Feeling the Pain of Lightning Strikes, Again and Again

Nick Fagnano had been accepted to USC where he planned to attend in fall, his uncle said. Mekahlo Medina reports for the NBC4 News at Noon on Monday July 28, 2014.

Jeryll Hadley and a friend were trying to set up a tent over a campfire along California’s Gualala River 25 years ago, their hands on the metal center pole, when lightning struck the tree next to them, throwing them about 30 feet apart.

Both still standing, they looked at each other and he said, “’I think we’ve been zapped,’” she said. “The only thing I remembered during the event was my left hand, the one on the pole, was neon blue.”

“Of course I heard the loud noise, but it just felt like an implosion, very strange,” she said. “But other than that I didn’t feel anything and we went on through our camping trip.” 

Hadley, 67, of Ukiah, California, was left with burn marks on her throat and forehead, she said. Only later did she start having terrible pains in her shoulders, short-term memory loss, and a new anger that once led her to throw a wooden salt shaker at her first husband.

“That is not me,” she said.

On Sunday, a 20-year-old man from Los Angeles, Nick Fagnano, was killed and eight others hospitalized after a rare lightning storm on the beach in Venice.

“Those people that got hit, their life is going to be much different, I hate to say,” said Sandra Hardy, another California woman who survived a lightning strike. “It isn’t a one-time event.”

Sixteen people have been killed by lightning across the United States this year, according to the National Weather Service. Six of the deaths were in Florida, two in Colorado, and the others in Texas, New Mexico, Michigan, Wisconsin, Arkansas, Mississippi and Georgia.

About 10 percent of those who are struck die. Survivors, who primarily suffer from an injury to the nervous system, can have symptoms ranging from mild confusion and dizziness to long-term problems processing new information, chronic pain form nerve damage and depression.

Hadley did not start attributing her symptoms to the lightning strike until attending a conference with survivors. She is now on medication for her anger, sometimes garbles her speech and said that a doctor once compared her experience to an electric lobotomy. On the other hand, all symptoms of polycystic kidney disease that she had have disappeared, she said.

“For the most part I’m living a normal life,” she said.

Last year was a record low for lightning fatalities. Twenty-three people died, fewer than in any other year on record, data from the National Weather Service showed. That contrasted with the 432 people killed in 1943, the deadliest year.

Officials attribute the drop to a variety of factors, from better lightning protection to fewer corded phones to more awareness among emergency medical providers and advances in medical treatment. CPR and defibrillators are keeping people alive, said John Jensenius, a lightning safety specialist with the National Weather Service.

"We feel very glad that we've brought the number down but there's still many people out there that are unnecessarily either killed or injured by lightning," Jensenius said. "If they would just simply follow the simple guidelines, if you hear thunder you need to be inside, the simple saying, 'When thunder roars, go indoors,' there would be many more lives that would be saved and fewer injuries."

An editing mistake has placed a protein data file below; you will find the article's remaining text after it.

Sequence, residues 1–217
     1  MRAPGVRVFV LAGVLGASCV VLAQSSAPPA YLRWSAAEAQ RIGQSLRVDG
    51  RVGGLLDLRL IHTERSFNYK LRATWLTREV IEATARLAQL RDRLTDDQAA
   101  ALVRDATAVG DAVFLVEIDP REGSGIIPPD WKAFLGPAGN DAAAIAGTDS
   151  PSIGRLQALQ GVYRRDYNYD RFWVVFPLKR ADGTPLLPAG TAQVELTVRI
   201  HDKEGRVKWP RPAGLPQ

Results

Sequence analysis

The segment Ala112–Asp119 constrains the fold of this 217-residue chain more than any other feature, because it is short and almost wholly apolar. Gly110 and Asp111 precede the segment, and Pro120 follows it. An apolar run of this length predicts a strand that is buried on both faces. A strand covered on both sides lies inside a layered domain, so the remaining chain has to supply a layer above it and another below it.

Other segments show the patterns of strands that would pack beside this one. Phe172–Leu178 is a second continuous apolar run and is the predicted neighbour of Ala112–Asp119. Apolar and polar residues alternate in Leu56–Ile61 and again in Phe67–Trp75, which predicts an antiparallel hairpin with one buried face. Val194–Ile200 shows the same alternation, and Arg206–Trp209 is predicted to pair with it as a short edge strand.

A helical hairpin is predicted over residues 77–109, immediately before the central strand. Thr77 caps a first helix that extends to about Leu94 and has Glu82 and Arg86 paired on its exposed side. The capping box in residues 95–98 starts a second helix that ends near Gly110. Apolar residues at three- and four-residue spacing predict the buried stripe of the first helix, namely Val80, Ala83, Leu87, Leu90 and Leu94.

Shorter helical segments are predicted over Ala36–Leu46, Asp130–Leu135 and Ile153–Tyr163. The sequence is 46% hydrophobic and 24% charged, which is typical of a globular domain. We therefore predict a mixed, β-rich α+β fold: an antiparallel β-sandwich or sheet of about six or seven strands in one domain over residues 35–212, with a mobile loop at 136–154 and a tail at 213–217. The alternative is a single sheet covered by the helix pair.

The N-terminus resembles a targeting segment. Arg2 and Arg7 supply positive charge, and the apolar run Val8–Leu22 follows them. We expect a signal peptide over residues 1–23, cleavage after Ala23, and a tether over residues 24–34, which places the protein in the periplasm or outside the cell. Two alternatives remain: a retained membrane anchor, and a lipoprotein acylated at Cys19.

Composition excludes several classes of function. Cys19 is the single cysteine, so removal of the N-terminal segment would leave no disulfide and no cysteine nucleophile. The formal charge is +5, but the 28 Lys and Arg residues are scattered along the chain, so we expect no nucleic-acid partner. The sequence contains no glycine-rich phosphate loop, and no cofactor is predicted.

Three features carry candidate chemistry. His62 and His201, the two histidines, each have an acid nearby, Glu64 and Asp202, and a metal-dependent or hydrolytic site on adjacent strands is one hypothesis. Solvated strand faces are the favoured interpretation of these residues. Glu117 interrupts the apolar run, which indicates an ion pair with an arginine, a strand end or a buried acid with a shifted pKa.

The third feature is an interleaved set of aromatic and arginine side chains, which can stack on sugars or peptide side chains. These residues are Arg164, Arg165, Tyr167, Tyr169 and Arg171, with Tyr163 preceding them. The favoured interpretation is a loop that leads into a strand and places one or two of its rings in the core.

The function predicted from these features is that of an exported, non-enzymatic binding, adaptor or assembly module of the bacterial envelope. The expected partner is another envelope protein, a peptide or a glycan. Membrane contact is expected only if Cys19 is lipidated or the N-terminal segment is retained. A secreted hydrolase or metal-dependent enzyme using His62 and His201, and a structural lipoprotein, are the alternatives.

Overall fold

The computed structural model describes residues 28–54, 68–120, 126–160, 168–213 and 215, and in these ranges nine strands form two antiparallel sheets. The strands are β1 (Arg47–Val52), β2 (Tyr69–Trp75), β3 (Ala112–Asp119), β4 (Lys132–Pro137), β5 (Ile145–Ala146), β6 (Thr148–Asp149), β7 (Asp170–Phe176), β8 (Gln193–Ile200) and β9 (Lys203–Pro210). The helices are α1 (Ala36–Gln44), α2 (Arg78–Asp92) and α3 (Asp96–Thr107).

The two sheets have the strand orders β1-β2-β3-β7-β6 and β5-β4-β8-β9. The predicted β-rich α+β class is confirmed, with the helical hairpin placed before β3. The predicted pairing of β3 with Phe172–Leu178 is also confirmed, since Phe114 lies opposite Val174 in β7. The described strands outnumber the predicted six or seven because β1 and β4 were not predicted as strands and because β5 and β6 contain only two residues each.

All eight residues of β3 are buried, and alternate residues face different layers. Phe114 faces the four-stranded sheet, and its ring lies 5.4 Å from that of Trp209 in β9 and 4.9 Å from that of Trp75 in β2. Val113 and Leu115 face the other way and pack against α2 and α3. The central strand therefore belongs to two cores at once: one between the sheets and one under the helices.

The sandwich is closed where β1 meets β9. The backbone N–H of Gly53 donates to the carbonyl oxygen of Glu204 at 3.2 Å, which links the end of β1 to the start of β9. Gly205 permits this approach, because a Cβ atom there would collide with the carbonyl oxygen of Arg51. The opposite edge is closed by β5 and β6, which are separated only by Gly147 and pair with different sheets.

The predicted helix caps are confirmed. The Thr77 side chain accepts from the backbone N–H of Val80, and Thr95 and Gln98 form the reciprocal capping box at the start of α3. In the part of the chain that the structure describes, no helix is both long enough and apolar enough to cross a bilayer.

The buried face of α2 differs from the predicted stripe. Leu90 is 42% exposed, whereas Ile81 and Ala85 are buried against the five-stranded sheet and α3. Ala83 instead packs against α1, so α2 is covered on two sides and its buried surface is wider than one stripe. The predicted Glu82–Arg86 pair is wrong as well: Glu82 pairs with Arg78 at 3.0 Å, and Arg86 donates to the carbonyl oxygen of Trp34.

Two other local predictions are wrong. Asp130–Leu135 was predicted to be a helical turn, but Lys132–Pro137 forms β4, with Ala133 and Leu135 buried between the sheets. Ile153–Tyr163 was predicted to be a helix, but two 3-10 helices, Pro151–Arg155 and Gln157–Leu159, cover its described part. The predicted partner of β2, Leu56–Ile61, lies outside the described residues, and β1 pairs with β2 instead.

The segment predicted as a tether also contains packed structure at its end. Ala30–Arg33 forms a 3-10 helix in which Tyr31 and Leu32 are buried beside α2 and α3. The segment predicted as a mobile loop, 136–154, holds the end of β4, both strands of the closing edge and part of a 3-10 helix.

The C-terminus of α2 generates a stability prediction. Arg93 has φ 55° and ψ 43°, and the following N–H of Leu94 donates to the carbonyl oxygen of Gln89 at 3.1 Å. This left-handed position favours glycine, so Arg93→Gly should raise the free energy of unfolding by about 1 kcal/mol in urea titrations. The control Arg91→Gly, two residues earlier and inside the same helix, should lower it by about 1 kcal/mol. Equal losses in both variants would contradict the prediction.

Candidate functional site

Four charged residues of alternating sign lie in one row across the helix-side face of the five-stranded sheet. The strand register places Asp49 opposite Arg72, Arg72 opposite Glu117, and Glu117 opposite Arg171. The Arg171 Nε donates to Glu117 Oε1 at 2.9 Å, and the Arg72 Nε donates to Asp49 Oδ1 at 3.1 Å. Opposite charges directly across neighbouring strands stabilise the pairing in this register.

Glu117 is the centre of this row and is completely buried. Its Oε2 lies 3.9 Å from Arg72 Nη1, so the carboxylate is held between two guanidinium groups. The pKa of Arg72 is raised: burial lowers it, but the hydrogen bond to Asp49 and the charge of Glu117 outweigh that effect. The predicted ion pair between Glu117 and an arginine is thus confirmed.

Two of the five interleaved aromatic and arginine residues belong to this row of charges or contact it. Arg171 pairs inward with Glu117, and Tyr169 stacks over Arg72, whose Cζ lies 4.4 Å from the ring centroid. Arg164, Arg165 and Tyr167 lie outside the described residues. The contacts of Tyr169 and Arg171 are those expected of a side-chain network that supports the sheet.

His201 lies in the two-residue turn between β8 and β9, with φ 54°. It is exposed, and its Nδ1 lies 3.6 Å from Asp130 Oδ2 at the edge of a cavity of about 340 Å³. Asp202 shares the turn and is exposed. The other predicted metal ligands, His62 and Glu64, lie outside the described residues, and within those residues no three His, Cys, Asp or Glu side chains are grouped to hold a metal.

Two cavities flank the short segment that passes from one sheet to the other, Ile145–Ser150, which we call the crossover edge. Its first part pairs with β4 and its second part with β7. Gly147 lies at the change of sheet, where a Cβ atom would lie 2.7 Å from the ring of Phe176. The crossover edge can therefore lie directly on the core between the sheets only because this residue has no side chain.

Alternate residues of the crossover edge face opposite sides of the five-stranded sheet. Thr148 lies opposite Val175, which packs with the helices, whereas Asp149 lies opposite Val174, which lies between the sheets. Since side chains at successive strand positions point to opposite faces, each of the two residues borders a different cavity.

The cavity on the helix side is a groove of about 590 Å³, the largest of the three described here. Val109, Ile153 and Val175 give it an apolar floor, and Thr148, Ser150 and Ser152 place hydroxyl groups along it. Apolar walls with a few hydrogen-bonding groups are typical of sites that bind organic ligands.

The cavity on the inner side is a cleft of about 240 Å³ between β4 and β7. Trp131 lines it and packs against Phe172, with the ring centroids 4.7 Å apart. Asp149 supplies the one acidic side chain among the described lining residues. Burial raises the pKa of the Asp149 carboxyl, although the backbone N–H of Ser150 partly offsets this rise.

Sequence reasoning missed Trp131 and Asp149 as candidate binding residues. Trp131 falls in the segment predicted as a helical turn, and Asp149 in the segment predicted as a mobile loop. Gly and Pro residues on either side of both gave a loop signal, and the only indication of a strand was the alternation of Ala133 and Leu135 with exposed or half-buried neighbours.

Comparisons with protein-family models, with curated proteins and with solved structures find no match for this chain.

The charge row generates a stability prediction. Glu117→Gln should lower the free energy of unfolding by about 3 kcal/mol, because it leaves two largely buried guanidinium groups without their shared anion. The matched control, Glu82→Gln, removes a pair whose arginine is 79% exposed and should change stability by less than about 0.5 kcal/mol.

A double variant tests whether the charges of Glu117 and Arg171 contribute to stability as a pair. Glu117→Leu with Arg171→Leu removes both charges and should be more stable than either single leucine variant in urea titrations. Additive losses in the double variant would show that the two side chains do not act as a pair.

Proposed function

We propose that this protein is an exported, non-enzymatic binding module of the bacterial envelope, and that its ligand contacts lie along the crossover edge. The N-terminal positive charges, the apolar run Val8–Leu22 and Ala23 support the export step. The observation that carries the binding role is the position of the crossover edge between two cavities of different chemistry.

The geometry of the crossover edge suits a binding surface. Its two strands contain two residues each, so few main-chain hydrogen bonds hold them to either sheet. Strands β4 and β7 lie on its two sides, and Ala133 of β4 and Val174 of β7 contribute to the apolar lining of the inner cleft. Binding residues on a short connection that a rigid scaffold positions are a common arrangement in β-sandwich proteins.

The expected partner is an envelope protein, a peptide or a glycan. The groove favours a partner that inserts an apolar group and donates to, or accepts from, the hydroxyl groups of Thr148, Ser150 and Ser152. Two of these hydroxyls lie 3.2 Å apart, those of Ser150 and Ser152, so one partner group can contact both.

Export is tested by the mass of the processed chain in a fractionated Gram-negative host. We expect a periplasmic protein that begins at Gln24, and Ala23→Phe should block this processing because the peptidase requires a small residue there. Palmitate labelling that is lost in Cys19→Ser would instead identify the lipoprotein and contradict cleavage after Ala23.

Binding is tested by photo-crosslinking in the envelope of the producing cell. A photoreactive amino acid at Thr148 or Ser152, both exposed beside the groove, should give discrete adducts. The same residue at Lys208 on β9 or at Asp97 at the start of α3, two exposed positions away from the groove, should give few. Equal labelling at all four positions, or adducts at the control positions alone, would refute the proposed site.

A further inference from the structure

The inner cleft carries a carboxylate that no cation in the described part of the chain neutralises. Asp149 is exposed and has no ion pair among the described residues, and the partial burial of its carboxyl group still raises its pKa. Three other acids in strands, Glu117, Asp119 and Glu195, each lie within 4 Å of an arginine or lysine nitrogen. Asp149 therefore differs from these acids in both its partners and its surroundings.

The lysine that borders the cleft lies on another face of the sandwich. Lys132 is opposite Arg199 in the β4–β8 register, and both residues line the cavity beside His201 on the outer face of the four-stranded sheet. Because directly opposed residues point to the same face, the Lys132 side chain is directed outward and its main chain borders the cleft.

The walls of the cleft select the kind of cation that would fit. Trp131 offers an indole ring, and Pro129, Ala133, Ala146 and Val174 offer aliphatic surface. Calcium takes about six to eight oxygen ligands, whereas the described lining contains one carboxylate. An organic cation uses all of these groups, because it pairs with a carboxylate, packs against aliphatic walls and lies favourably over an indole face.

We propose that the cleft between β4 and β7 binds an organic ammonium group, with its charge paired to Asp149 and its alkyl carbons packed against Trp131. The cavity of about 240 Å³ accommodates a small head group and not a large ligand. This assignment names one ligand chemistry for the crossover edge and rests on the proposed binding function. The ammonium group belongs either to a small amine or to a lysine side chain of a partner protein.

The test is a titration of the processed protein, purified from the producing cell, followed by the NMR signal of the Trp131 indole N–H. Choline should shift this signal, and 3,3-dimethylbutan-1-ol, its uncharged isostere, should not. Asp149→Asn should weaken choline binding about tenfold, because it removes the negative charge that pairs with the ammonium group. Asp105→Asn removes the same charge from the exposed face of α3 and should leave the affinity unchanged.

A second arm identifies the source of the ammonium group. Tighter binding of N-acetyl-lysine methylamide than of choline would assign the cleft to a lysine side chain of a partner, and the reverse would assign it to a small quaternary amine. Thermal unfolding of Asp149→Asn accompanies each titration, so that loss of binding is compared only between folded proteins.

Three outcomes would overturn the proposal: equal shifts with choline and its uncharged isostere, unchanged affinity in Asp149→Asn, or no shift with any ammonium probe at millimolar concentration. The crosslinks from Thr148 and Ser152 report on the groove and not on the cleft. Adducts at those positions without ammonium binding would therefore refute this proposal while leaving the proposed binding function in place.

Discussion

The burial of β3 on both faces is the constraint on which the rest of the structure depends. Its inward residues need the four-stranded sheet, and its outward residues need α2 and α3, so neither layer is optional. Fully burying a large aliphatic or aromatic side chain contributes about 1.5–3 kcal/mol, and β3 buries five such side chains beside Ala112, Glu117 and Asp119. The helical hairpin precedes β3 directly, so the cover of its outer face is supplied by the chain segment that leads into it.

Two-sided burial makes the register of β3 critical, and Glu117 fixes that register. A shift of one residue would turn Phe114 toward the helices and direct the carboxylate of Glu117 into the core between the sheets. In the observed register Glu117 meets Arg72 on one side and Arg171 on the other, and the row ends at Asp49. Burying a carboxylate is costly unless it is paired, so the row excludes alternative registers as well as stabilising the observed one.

More than 9,200 people have been killed by lightning in the United States since 1940, when the National Oceanic and Atmospheric Administration began keeping records, NBC News reported. In the last 30 years, there have been 51 deaths on average each year.

The ground current is what kills or injures most people, Jensenius said.

"When lightning strikes a point, it doesn't disappear deep into the ground, it spreads out along the ground surface," he said.

Hardy, now 70, was driving home from California’s Mammoth Mountain in June 1998, when she got caught in a heavy rainstorm in Owens Valley.

“I could see the lightning strikes coming down on the ground, coming straight down, it was a heavy, heavy rainstorm, so I took off my watch, took off my glasses, I took the collar off my dog,” she said.

A lightning strike hit power lines at the side of the road and her car, she said.

“It just paralyzed me,” she said. “It killed the engine to the car and the car just rolled off to the side and I couldn’t really move or anything and a motorist came up behind me right away and he’s pounding on my door to open up the door.”

Hardy, who was a facilities manager for the Los Angeles County schools, could barely talk or remember how to get home and her kidneys were hurting her, she said.

“From that day on my body started to deteriorate,” she said.

Hardy, of Manhattan Beach, developed problems with her hearing, her vision, her bladder, her memory and by October of 2002, had acute symptoms of chronic fatigue syndrome.

Her dog survived a year, but died after developing tumors, she said.

“The myth that you’re safe in a car, it should be corrected,” she said. “It’s not going to kill you but you’re not safe.”

The conference that Hadley attended was organized by Steve Marshburn, who was himself struck in 1969 in Swansboro, North Carolina, when lightning hit the drive-through window of the bank where he worked. He was sitting inside and it broke his back, he said. Other injuries became evident over the years, he said.

At the time there was little information for lightning strike survivors, but since then he has formed a group, Lightning Strike and Electric Shock Survivors.

“There is help out there,” he said.